Transfer Deadline Day. Three words that have come to epitomise modern football. A symbol of football's growing disparity away from game we lapped up as kids. The game that had that imaginary endpoint, that hopeful pinnacle on the horizon of appearing at Wembley, watching as your bruising centre-back holds aloft the trophy. Roy of the Rovers stuff? Maybe. Sentimental rubbish? Probably.
For it to regain it's prominence in the football calendar, the FA Cup has to make dreams come true again. It still provides us with giant slayers and gives lower league clubs the chance to play against Premier League opposition, but maybe now it needs to offer lower end Premier League teams something more than FA Cup glory.
Football is a team game won by moments of individual genius - where players can turn from hero to villain in one moment of madness, change the future of a club with one kick of a ball and drift into the injured footballers void that surrounds the game. So why, when without the enforcer of these rules who make all competitiveness authentic, does the man in black become a figure of hate?
Outgoing interim manager Rafael Benitez may have led Chelsea to Europa League glory and a top-three finish in the Premier League this season - but suggestions the Spaniard has had a successful reign at Stamford Bridge are wide of the mark.
Roberto Mancini's sacking, is one of the most absurd I've seen in a long time. Ok, so he had money, but that doesn't airbrush over the enormity of his achievements. Before Mancini, City had not won a major trophy in 35 years. By the end of his third season, they had won three.
Ninety-six fans, sons and daughters never made it home, and it was all the fault of their fellow Liverpool supporters. This was the narrative that Margaret Thatcher played a crucial role in perpetuating. There will have been few tears shed on Merseyside on Monday evening at her demise.
It's not a matter of the players being too young, it's their sudden integration into the first team that has reaped the damage. It's simply a matter of trying to usher in a new era prematurely, long before the players could build their confidence. Lambert has tried to run before he could walk.
It would be difficult to imagine that any other club should have such a long, unbroken run of live TV coverage in their FA Cup ties. On Saturday, they will figure in their 38th consecutive such event. This will be a home tie against Fulham - hardly a game bursting with giant-killing potential.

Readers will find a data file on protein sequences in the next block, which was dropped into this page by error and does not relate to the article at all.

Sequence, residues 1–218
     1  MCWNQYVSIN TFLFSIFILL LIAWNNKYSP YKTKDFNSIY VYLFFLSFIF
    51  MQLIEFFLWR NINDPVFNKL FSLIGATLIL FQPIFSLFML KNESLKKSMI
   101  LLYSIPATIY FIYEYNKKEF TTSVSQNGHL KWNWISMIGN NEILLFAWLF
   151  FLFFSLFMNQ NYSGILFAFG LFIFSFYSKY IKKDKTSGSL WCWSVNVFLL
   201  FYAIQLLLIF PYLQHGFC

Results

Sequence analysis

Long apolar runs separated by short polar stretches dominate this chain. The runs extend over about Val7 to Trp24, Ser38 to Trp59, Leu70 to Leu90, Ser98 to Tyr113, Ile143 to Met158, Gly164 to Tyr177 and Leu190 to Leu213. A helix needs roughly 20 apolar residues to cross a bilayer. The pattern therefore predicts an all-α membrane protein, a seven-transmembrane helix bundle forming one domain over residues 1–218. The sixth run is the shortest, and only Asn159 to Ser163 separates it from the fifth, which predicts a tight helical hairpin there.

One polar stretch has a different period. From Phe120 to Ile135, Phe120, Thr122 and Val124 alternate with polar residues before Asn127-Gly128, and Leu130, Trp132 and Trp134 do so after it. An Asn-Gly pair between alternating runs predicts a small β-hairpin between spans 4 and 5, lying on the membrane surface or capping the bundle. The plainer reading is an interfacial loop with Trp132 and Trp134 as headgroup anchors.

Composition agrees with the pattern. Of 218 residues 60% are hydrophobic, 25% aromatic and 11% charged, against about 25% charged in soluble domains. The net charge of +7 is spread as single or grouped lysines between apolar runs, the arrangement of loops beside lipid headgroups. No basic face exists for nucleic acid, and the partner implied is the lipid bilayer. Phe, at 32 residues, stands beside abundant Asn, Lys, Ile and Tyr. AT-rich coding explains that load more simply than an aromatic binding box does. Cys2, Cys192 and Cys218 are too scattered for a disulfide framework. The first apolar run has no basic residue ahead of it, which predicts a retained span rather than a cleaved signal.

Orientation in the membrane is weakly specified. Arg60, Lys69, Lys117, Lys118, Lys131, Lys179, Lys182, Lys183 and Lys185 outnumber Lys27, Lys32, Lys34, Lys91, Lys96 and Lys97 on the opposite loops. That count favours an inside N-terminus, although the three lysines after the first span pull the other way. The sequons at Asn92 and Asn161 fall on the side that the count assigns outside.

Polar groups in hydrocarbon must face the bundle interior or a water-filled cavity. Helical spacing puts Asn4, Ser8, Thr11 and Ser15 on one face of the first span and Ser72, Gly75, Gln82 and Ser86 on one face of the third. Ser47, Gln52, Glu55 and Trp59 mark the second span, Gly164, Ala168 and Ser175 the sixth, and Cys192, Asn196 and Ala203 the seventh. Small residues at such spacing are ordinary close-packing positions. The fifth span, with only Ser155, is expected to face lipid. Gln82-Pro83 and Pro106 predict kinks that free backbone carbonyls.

The FA's decline and fall is what has characterised at least the last twenty years of its existence, the game compared to 1963, its centenary year, is almost unrecognisable. Not entirely for the worse of course, but not as much for the better as the FA would like to claim either.
The next time you decide to pop along to a top game and hand over the best part of £100, you would be well advised to stop for a moment to consider going local and trying out non league football.
Although today is undoubtedly a step forward in what, for more than 23 years, has been a largely fruitless pursuit of justice, it does not - and should not - mark the end of the process... I know of relatives of the Hillsborough victims whose lives have also ended without gaining resolution and justice. One man - from a family well-known to my own -committed suicide because of a sense of guilt that he had survived the crush while his brother had not. For him, his brother and many in similar circumstances, may today be a step towards their finally being able to rest in peace.
As Martin Atkinson inexplicably gifted Chelsea a second goal in the FA Cup semi-final at Wembley, the ensuing thrashing was as inevitable as the galvanized clamour for goal-line technology that would follow.
Football has been making the headlines lately. Chelsea thrashed Tottenham 5-1 last Sunday, not sure how the blues will get on playing my team, Liverpool, in the FA Cup final, but I'm definitely rooting for the reds.
Britain might be in recession, or on the brink of it, or just recovering from it, depending on which economist/s you're inclined to believe, but that didn't stop the nation reaching into its collective pocket on Saturday to have a flutter on the Grand National and FA Cup Semi-Final. According to the bookies, nearly half the British adult population will have had a flutter of some kind this weekend, with nearly £300 million placed on bets. The £1 I threw into the office sweepstake suddenly seems rather miserly, although as someone who grew up obsessed by ponies and practically weaned on National Velvet, the thought of a woman winning this year's race meant there was even more reason to tune in. If we are a nation of gamblers, we are also a nation that loves to moan. Let us count the things that have collectively upset us this week.
When Liverpool face off against Everton in this weekend's FA Cup Semi-Final, it will be the reds' second trip to the national stadium this year, February's Carling Cup success being their first time at the 'New Wembley', which is now over half a decade old.
The growth in live broadcasting of British football has brought increased financial rewards for the elite clubs, but has also resulted in a host of ridiculous kick-off times that have left match-going fans in the lurch.